11.6.4 Metallurgy of the Japanese Sword
|Materials and Processes|
|Japanese smiths made Japanese swords
or nihonotos exclusively from bloomery iron and steel. That business started
around 1000 AD and was kept up with only small interruptions until the present
day. Bloomery steel only! That is the first special point from a metallurgical
point of view. Why? Well - consider:
|The first two points are covered by the "invention" of the tatara furnace. It obviously could do the job. There might have been better ways to deal with the first two points but the tatara worked. It was an expensive and not very efficient process but so what.|
|A tatara could and would produce cast iron 1). From what I read I would guess that it might have contained molten steel too on occasion and that would account for almost slag-free "tamahagane". European smelters had also been able to produce high carbon steel in their bloomeries but we do not know all that much about these bloomeries and how they were run.|
|Point three applies to all smiths
working with structural and compositional
piling. What the Japanese smiths did to assess their steel is relatively
clear, I have already dealt with
that. A bit more about the "tricks" of the smiths can be found
I'll deal with point 4, faggoting, below but before I do that let's look at point 6: some good luck is needed!
|Being lucky is essential. On the one hand, the Japanese had tough luck since they do not own a whole mountain made from decent iron ore like the Austrians or Svedish. On the other hand, their "iron sands" are virtually free of phosphorous and sulfur. This is just good old dumb luck that compensates for the lack of iron ore mountains.|
|Let's have a quick look at the "West" for comparison. Large advances in bloomery techniques were made around 1000 AD, give or take century or two, and that allowed to replace the (expensive) pattern welded sword by the better and cheaper piled all-steel sword. While there may or may not have been some imports of high-carbon wootz steel to make the "true" +VLFBERH+T" types of Viking swords, self-made high-carbon bloomery steel was definitely around in Central Europe, witness the "Moravian" swords and many others. The trick seems to have been to run your bloomery at high temperatures while avoiding to produce cast iron. Details, however, still evade us (at least me).|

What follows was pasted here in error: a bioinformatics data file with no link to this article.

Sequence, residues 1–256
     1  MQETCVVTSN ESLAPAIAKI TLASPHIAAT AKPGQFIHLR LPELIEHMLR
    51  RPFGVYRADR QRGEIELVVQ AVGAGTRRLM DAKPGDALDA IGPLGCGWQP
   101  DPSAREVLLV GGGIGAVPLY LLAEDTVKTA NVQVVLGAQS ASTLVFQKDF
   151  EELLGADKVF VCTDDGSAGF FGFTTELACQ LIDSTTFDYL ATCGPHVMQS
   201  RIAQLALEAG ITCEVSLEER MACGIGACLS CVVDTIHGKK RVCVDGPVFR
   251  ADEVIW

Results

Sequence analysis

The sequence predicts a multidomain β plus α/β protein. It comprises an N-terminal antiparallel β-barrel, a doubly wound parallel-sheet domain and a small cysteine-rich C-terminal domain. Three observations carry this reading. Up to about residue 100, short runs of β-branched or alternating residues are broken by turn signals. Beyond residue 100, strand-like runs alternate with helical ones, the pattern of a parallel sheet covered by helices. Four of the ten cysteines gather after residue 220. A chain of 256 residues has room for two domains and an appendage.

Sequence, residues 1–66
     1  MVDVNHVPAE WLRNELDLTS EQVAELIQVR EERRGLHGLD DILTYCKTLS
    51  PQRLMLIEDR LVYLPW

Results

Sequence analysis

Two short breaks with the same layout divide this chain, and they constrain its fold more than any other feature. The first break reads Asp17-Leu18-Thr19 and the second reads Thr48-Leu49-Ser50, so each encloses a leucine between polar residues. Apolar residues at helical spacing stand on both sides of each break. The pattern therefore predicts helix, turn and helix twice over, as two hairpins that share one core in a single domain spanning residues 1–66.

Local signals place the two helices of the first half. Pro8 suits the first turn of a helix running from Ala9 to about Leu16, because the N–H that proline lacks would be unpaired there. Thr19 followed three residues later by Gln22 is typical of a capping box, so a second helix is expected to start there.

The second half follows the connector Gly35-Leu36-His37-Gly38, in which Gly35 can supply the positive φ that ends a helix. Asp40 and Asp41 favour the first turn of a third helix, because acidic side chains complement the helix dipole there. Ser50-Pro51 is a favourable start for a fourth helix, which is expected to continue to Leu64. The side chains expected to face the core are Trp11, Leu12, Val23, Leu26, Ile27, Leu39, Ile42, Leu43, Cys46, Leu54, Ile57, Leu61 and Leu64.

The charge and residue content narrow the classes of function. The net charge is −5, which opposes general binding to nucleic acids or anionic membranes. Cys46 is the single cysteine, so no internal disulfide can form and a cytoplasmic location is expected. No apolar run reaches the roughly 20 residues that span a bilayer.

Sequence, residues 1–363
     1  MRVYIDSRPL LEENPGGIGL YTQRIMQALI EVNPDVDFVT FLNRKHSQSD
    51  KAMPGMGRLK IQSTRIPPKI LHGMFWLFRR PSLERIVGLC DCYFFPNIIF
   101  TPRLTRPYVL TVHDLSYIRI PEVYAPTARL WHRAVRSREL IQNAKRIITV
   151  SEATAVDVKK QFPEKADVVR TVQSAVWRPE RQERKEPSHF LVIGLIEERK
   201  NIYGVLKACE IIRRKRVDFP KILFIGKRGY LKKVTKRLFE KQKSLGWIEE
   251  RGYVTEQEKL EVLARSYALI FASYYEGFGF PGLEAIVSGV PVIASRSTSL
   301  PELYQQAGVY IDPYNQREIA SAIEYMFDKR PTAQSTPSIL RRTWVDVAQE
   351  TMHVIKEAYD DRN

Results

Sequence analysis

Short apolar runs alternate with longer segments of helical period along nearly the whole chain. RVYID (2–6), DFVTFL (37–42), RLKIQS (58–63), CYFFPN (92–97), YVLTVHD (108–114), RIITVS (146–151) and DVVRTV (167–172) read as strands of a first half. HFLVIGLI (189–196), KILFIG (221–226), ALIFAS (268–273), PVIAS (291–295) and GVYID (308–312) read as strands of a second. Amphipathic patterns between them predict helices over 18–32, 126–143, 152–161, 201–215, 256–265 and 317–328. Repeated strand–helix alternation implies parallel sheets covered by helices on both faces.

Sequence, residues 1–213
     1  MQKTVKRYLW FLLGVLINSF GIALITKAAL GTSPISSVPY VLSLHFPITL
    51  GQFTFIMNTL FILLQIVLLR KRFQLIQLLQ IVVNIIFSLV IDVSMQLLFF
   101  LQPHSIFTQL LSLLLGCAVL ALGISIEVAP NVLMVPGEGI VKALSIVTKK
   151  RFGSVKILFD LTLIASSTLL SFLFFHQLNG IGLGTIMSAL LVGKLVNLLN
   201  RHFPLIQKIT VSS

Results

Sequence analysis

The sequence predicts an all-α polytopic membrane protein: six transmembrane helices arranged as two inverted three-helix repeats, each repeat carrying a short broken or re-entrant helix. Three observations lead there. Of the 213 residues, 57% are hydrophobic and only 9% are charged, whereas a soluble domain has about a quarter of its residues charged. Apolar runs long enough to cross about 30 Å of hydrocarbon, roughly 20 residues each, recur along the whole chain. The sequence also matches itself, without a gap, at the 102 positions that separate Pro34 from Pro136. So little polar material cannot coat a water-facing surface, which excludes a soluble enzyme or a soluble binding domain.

|Faggoting was also
know in the West. However, we hardly know anything about that since the number
of old swords metallurgically examined to determine if and how faggoting was
done is close to zero. I'm only aware of
Maeder's work in this direction. I have (convincingly!)
argued, however, that elaborate
pattern welding simply makes no sense if you didn't faggot your steel before
you used it.
The situation in Japan is as different as it can be. Assessing the quality of Japanese blades from 1000 AD onwards included looking at the "hada", the visible structure on the blade that results from faggoting. I have dealt with that already. It would be premature, however, to conclude that "the Japanese" were better at faggoting than everybody else. Here is a comparison:
|You need to be aware of the fact that
this is a completely random comparison! The Japanese sample comes from the 20th
century Japanese sword smith Shimizu, who left it for analysis. It is not yet a
finished blade but close to that stage. The investigation of this sample was
done by Jang-Sik Park in 2004 1).
He used classical metallography, polishing followed by Nital etching, to reveal
The Celtic sax was investigated by Stefan Maeder; I have used this picture before. In this case "Japanese polishing" was used to reveal the structure. Of course, these two samples cannot be seen as representative for untold number of swords forged during 1000 years or so. And yet! They do show that faggoting was used in both cases and that there are many similarities.
There are simply not many other pictures like that. There might be a few around that I'm not aware of but there aren't many for sure.
|What we see is that the steel is not even remotely homogeneous, despite faggoting. There is a layered structure and that means that something is distributed in a layered fashion. It might be the carbon concentration but with more folding and thus smaller and smaller thicknesses of the layers, the carbon concentration would eventually even out by diffusion. It thus stands to reason that we see weld defects, small particles and the like, that are in found in the weld seams. In fact, there are a lot of sharp dark "dots" visible that could not have resulted from a carbon concentration gradient.|